The technology sector continues to make bold promises to reduce emissions, but when you spend money in Washington, the government doesn’t have to do the same. Big Tech says it cares about the climate – but are its lobbyists doing it?
Polls show that a strong bipartisan majority of the American public supports climate change, and the nascent Biden administration has made climate a political priority. A strong community movement for environmental justice has reconciled climate change issues with the broader fight for justice and justice for all. By 2021, we will have the opportunity to learn more about the relationship between the technology industry and its lobbyists and the government.
So far, technology has not hit the right time, but the time for climate change is coming. Where is the influence – and the influence – to speak out for or against the climate sector?
CEO Jeff Bezos, who has given hundreds of millions to pro-climate groups and pledged to make the company carbon neutral by 2040, has only enough money in his pocket to hire climate change activists. To be fair, Amazon is not the only big technology company with a climate change agenda. A new report says 115 of Amazon’s lobbyists are working on climate change, but many of its top executives, such as Chief Financial Officer Eric Schmidt, are largely absent.
Alphabet, the Google parent, has disclosed contacts with members of Congress about renewable energy. E & E’s reporting and lobbying shows that, despite its growing presence in Washington, Facebook has not yet begun lobbying on climate change. As the company’s sustainability manager, I have seen firsthand how little Facebook is doing about climate change, but there is no sign that it is actually taking a stand. CEO Mark Zuckerberg and other top executives at Facebook and Google have been very vocal on the issue, condemning the Trump administration’s withdrawal from the Paris agreement, for example.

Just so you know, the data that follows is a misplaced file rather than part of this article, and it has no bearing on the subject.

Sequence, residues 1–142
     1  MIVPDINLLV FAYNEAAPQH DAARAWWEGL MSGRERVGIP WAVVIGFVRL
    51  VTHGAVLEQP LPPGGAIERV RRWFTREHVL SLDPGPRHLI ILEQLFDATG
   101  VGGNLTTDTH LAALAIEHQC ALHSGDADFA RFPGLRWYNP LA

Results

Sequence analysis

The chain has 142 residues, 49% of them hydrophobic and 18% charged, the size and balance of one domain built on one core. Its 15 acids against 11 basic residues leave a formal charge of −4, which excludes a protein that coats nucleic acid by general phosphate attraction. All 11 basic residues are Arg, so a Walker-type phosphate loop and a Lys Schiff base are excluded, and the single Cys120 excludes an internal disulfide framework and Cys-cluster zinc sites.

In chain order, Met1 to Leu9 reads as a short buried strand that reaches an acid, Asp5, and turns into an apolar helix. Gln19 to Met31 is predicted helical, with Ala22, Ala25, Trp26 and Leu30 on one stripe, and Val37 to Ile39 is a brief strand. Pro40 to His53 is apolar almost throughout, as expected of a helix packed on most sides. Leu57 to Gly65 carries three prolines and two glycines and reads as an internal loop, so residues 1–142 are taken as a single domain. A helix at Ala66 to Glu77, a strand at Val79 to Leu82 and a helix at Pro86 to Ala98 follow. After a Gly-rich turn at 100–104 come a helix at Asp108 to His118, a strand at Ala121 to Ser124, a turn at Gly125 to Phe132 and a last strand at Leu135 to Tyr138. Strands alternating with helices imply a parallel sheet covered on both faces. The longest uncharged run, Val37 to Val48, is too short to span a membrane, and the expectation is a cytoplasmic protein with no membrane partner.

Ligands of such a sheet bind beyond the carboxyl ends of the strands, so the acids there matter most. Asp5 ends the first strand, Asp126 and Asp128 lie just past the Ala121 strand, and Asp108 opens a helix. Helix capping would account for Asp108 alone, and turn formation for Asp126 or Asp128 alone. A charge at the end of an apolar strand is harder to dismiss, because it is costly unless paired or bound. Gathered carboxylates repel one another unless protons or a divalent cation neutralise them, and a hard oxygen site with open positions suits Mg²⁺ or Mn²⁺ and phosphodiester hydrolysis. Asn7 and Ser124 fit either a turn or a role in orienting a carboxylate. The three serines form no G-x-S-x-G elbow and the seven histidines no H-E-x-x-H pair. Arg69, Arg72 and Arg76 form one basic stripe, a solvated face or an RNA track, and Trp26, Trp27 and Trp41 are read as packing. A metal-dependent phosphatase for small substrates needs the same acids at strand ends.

But how much of the $59.4 million that companies spent on lobbying in 2017 was actually spent fighting for climate-friendly policies? Although the exact accounting is not public, it is clear that the lion’s share has been taken over by companies such as Facebook, Google and Alphabet, the parent company of Alphabet Inc., Google’s parent company.
In a really smart and hopeful move, Microsoft has just hired a lobbying firm to step up its lobbying on climate change. Apple’s political agenda, led by former EPA Director Lisa Jackson, has been against climate change. As the game changes and new climate policies come to the city, technology companies are stepping up their lobbying for the climate. But climate policy will need business allies to make it law, especially now that the White House has strong leadership.
The other side will face this political struggle with full force and it will cause great headaches for both sides of the aisle.
Tech companies need to do more than just make a statement and sign a letter; they really need the power to address the problem in a way that matters to them. If the climate-friendly technology sector starts spending its lobbying dollars on real business priorities, it will make a pretty big difference. Only the technology sector, which is expanding its influence over the US government, has the kind of economic and political power that acts as a counterbalance.
Politicians who are now aware that they are neither conservative Democrats nor Republicans will listen to the economy on this important issue. It is not as if the technology sector is playing both sides of the problem, giving the impression that it is adopting a climate-friendly stance just to serve a Biden administration. This kind of inauthenticity is the opposite of a brand – obsessed with a sector like technology.
Technology companies like to lead the way in change, and now that we are monitoring the entire economy, the bold steps they are taking need to influence public policy. It should come as no surprise that the thousands of workers who are driving this success and deeply committed to the causes of climate change will be looking closely to see what their employers are doing and what they are saying.